During their performance, Albert ruled over the proceedings like a benevolent father, retaining control while allowing his guest loads of solo space in which to display his awesome command of the electric guitar.  The interplay between the two blues masters is uncannily empathetic, and Albert’s fans will find special pleasure in hearing him play rhythm parts at such length.  Aside from SRV’s two vocals — “Pride and Joy” and “Texas Flood” — all the other tunes are from Albert’s repertoire.  Viewers have the ineffable treat of seeing Albert King perform “Born Under a Bad Sign,” his trademark blues hit, as well as “Call It Stormy Monday.”

Sadly, King and Vaughan would not share a stage together ever again. Vaughan, 31 years King’s junior, died in a helicopter crash in the fog on the way back from a concert in 1990. King outlived him by two years, dying of a heart attack in 1992. They didn’t meet often, and their careers took different paths. But we can all be grateful for that one long day in a television studio when sparks flew and this timeless performance was forever captured.

The PBS special Albert King with Stevie Ray VaughanIn Session contains the following songs: “Born Under a Bad Sign,” “Call It Stormy Monday,” “Texas Flood,” “Pride and Joy,” “Match Box Blues,” and “Don’t Lie to Me.”

Acoustic Africa @ the Boulder Theater | 03.16

Boulder Weekly & Z2 Entertainment are proud to present Acoustic Africa ft. Habib Koite, Oliver Mtukudzi & Afel Bocoum at the Boulder Theater on Wednesday, March 16th, 2011.

The second installment of IMN’s exhilarating musical journey focuses on the richness of the African guitar tradition. The Acoustic Africa tour includes Habib Koité, the Malian superstar whose exciting concerts have endeared him to audiences worldwide, Oliver Mtukudzi, the best-selling artist in his home country of Zimbabwe, and Afel Bocoum, a guitarist, singer, and composer from Mali whose songs evoke the evolution of traditional Malian society.

One of Africa’s most exciting performers, Habib Koite plays music that reflects the diverse musical traditions of his Malian homeland. Accompanied by his band Bamada, Koite has released a number of successful and critically acclaimed albums and has appeared on The Late Show with David Letterman and in major magazines such as People and Rolling Stone. Over the past 10 years, Habib and his band have performed over 600 concerts for adoring audiences in far-flung locations such as Japan, Australia, Brazil and Kazakhstan. With their engaging stage presence and expert musicianship, Habib Koite and Bamada always put on a show to remember.

Lovingly called “Tuku”, Oliver Mtukudzi began recording in the mid-1970s as a member of Wagon Wheels, a band that also featured Thomas Mapfumo. After Wagon Wheels rolled to fame in Southern Africa, Tuku formed Black Spirits, the band that has backed him throughout his career. Mtukudzi has been heavily influenced by chimurenga, the genre pioneered by Mapfumo that is inspired by the hypnotic rhythms of the mbira (thumb piano). His music also incorporates pop influences, South Africa mbaqanga, the energetic Zimbabwean pop style JIT, and the traditional kateke drumming of his clan, the Korekore. While Tuku’s music is undeniably contagious, it is his lyrics that have captured the hearts of his people as his songs invariably deal with social and economic issues. One of Tuku’s biggest fans is Bonnie Raitt, who has not only called Tuku “a treasure,” but has also used his music as inspiration for the song “One Belief Away” on her album Fundamental.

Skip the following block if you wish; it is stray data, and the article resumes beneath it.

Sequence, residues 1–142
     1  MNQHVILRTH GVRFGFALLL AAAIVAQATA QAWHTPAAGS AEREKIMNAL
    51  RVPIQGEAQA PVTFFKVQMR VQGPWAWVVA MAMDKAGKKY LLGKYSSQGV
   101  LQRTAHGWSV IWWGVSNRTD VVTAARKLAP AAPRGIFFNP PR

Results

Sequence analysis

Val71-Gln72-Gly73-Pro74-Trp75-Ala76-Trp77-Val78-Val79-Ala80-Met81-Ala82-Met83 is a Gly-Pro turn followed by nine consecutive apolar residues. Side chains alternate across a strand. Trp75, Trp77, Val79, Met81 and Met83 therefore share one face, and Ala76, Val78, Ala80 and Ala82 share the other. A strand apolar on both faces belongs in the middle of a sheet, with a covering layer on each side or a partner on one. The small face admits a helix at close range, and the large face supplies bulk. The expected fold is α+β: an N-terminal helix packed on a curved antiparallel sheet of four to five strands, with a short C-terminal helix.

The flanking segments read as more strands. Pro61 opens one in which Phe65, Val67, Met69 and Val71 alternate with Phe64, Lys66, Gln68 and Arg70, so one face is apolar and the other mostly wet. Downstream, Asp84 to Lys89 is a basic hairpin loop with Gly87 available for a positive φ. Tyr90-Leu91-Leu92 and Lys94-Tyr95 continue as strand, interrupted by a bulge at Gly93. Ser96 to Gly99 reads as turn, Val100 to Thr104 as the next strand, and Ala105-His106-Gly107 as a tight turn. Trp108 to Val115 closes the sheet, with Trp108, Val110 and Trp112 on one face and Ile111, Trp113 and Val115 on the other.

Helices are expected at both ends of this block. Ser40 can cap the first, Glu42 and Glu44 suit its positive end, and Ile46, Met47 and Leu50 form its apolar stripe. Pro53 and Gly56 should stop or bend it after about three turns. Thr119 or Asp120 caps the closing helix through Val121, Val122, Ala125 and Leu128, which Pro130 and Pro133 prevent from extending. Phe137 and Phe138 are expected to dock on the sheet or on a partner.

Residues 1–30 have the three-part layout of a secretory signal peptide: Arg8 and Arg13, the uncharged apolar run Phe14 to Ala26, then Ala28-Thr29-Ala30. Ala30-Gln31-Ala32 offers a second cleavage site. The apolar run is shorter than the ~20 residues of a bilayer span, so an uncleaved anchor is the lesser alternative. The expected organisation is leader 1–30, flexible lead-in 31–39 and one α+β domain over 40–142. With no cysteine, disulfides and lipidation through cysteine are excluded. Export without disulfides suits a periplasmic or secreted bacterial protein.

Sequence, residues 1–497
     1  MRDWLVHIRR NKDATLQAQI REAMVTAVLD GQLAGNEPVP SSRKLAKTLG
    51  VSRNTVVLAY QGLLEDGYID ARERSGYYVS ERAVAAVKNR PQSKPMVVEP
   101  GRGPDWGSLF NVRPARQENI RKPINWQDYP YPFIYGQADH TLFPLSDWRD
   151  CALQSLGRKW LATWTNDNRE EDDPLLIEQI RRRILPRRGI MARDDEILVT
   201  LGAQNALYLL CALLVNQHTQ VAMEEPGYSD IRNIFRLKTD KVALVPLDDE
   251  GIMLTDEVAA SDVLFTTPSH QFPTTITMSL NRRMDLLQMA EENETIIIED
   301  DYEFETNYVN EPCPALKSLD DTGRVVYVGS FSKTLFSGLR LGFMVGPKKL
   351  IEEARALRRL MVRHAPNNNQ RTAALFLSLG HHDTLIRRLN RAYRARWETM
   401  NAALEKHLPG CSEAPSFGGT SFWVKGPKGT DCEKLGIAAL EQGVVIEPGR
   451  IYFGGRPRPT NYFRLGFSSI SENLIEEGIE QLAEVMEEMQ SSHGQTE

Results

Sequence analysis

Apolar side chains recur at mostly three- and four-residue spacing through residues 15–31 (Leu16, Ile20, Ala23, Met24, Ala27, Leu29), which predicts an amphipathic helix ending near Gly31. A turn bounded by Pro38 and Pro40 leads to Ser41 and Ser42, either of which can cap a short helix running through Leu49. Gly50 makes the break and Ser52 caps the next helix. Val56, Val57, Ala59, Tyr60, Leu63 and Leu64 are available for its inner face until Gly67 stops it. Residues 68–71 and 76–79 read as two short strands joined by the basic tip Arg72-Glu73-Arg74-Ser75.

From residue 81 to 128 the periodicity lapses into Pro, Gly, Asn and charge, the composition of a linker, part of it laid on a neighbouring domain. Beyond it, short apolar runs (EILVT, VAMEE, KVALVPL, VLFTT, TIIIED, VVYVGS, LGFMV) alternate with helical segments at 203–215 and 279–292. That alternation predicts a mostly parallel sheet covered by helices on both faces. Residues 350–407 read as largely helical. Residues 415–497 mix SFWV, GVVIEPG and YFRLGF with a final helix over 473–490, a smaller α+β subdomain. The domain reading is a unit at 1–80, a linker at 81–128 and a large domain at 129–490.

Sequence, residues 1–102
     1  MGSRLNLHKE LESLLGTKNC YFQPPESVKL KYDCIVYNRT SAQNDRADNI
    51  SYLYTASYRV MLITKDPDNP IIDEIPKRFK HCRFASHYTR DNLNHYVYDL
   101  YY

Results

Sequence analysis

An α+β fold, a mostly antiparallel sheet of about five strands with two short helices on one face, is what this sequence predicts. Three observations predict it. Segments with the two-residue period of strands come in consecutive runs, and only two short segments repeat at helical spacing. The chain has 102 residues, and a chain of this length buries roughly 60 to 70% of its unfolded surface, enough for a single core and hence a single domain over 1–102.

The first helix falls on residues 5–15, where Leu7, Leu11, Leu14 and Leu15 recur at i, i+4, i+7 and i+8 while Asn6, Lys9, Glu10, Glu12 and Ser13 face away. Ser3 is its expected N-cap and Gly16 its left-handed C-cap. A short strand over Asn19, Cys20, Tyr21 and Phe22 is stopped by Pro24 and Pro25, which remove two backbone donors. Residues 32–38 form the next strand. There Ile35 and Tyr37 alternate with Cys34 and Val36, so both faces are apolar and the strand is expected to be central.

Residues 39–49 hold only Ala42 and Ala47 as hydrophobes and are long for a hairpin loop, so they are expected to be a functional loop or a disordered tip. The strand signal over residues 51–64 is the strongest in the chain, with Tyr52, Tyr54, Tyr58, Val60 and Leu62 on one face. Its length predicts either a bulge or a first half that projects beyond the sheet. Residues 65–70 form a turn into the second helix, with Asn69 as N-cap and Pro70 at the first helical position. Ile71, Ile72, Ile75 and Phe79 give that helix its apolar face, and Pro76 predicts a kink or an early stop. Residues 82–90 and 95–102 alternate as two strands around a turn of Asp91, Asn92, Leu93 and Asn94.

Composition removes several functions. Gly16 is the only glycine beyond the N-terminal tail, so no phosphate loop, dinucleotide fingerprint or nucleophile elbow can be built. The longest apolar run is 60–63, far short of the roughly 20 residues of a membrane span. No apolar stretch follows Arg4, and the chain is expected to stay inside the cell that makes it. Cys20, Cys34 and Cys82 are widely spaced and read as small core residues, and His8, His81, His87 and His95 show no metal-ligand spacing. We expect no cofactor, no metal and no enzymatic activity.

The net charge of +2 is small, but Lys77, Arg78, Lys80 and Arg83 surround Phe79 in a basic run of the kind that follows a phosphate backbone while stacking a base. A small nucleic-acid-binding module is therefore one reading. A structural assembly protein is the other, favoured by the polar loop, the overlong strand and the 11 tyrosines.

Afel Bocoum began his music career with his uncle Ali Farka Toure in the group Asco, a collaboration which lasted some thirty years. In the 1980s, he founded his own group named Alkibar, in which he plays the guitar, sings, and composes. Bocoum sings mainly in Sonrai, his mother tongue, but also in Tamashek, the language of the Tuareg, and in Bambara. In spite of his growing success, Bocoum remains gentle and unassuming, modestly directing the energy this recognition brings him towards the welfare of his people and the inspiration they give to his music. In 2002, Afel collaborated with the lead singer of Blur, Damon Albarn, on the extremely popular album Mali Music. The gigs they played together were well received, especially the concert at the Barbican in London in June 2003. Damon also made a guest appearance beside Afel on a larger stage at Roskilde in Denmark in front of 65,000 people. With remarkable subtlety and a sure talent, Bocoum has proved that he is a true “messenger of the great river,” and it’s certain he will actively contribute to keeping Malian music at the forefront of the international scene.

Tickets are on sale at Boulder Theater Box Office. Call (303) 786-7030 for tickets by phone.

Tickets are also available through our website @ www.bouldertheater.com.

Tickets are On Sale Saturday December 4th!

GA $34.50  /  Reserved $42.25 / All Ages